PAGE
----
Posts Tagged ‘private varnish’

Amtrak Won’t Handle Private Car Moves at WUS

April 21, 2019

Amtrak is citing construction work at Washington Union Station in refusing requests to allow private passenger cars to use the facility for layover and switching.

The passenger carrier has denied requests for some trips that were to originate in Washington.

In particular, Amtrak said work on rebuilding the station concourse will restrict its ability to accommodate private cars there.

The work involves rebuilding the concourse to increase passenger capacity and provide new amenities.

Over the next 20 years Amtrak will seek to double the station’s train capacity.

Amtrak has told private car owners that their cars may no longer be switched onto or off of almost all trains in Washington. The carrier has also banned parking of private cars in the terminal. This situation is expected to last for up to two years.

Although Amtrak said it couldn’t say how many private rail car trips were affected, the Washington Chapter of the National Railway Historical Society has said it has been forced to cancel three trips involving its car Dover Harbor.

Amtrak to Increase Private Car Fees Again

November 5, 2018

Amtrak has told private car owners that it plans to increase various fees that it charges them to haul and store their cars effective Jan. 1, 2019.

The increases are part of another round of rule changes being implemented by the passenger carrier.

It is the second time in the past eight months that Amtrak has increased its private-car tariffs.

The new rate will become $3.67 per mile, an increase of more than 12 percent from the $3.26 fee imposed on May 1, 2018.

In the past year, Amtrak has increased the cost of hauling a private car 77 cents per mile for an increase of 26 percent.
Overnight parking rates will become $174 per night. They had been $155.

The monthly parking rate at Amtrak terminals will increase to $3,516 per month, up from $3,125.

If another locomotive is added to a train that has added private cars that fee will increase to $5.74 per mile. The previous rate had been $5.10 per mile.

Other charges that Amtrak is imposing include daily locomotive charge of $1,970 and a head end power daily charge of $2,692.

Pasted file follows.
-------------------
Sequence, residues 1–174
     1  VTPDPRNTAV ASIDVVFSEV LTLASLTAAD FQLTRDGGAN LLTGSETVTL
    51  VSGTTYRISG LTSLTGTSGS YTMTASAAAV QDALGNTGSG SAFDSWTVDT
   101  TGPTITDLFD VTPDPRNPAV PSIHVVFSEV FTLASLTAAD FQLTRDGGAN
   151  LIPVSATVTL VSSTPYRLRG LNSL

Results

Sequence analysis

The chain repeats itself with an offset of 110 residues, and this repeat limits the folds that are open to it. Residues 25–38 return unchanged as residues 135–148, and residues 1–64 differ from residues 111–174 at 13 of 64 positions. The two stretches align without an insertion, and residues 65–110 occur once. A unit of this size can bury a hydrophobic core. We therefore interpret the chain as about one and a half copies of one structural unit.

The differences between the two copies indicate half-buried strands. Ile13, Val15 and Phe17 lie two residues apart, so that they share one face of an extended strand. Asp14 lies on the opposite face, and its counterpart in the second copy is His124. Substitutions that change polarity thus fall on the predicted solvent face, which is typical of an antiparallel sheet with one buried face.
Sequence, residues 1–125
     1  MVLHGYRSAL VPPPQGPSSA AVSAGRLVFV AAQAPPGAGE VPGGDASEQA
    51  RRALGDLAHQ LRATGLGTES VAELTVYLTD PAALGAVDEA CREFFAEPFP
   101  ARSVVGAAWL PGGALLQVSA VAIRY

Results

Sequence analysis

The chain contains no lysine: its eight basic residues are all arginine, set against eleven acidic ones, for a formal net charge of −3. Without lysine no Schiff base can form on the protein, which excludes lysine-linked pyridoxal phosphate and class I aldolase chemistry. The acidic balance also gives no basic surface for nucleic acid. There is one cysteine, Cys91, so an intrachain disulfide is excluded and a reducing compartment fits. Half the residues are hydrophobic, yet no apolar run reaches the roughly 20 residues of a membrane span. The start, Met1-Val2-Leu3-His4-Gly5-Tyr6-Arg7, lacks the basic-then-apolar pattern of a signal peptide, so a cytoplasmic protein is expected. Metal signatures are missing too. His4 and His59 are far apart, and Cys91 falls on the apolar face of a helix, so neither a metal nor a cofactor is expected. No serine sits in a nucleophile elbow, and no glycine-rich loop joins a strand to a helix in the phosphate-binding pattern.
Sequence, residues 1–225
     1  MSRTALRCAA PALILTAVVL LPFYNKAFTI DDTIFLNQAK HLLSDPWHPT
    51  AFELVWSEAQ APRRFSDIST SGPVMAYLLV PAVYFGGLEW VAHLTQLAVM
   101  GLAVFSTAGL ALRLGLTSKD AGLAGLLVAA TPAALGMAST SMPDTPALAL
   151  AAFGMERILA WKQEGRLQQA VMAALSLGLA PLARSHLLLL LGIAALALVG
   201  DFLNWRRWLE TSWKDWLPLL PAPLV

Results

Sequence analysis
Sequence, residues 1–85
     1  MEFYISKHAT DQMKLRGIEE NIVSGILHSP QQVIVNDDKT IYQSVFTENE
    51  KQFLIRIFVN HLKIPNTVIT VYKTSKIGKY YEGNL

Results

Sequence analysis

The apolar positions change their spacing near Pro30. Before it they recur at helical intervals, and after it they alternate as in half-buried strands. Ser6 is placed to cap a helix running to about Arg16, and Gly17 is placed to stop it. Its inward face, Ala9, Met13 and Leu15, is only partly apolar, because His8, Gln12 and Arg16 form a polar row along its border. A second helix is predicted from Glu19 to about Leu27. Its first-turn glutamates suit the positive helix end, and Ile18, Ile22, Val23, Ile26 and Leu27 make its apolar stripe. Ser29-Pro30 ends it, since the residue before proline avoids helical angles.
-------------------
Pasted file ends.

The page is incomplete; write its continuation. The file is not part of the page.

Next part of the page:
Further, Amtrak said it “reserves the right to change the terms and rates contained herein at any time.”

The carrier did agree to honor the rates contained in a confirmation agreed to before any rate increases go into effect.

In a win for private car owners, Amtrak has restoring Oakland, California, as a connecting point at which cars can connect between the Coast Starlight and the California Zephyr. Making that connection will cost $2,065 per occurrence.

The rule changes slated to go into effect includes a clause that private car owners or the person in charge of a private car shall not offer business courtesies to any Amtrak employee.

This includes such things as “presents, gifts, hospitality, or favor for which fair market value is not paid by the recipient.”

The rules also cite meals, drinks, entertainment, door prizes, and transportation as examples of business courtesies, among any gifts or services with a value greater than $10.

The new guidelines also contain additional details regarding professional conduct, inspection and repair guidelines, and insurance and liability requirements.

Amtrak Won’t Allow Being on Open Platform Cars

June 11, 2018

Amtrak has revised its safety manual for private rail car owners to prohibit passengers aboard open platform cars from riding or standing on the platform while the car is in motion.

The manual said the rule applies to cars attached to any Amtrak revenue train or charter operation.

“Failure to adhere to this safety rule could result in the private car owner being suspended or revoked from operation on any Amtrak train or charter train,” the rules states.

A related rule requires that vestibule doors and windows shall be closed and latched before a train departs and remain closed until it comes to a halt at the next station.

The safety manual is a 15-page documents that spells out in detail Amtrak’s rules and expectations for private car owners and their passengers.

The manual also notes that starting on May 14, 2018, the procedure for scheduling the annual, 40 Year, and 10 year follow-up inspections is now being managed Amtrak’s Centralized National Operations Center.

Amtrak’s mechanical maintenance facilities are no longer available to perform these periodic inspections.

Some Private Car Owners Disappointed in Amtrak Policy, Fee Changes

April 24, 2018

In the aftermath of a change in Amtrak policy for handling of private rail cars, some car owners told Trains magazine they are disappointed in the new policy and how the passenger carrier is jacking up the fees it charges to haul and service their cars.

Amtrak’s new policy restricts where private rail cars will be handled and in particular limits where the cars can be added or removed from Amtrak trains at intermediate stations.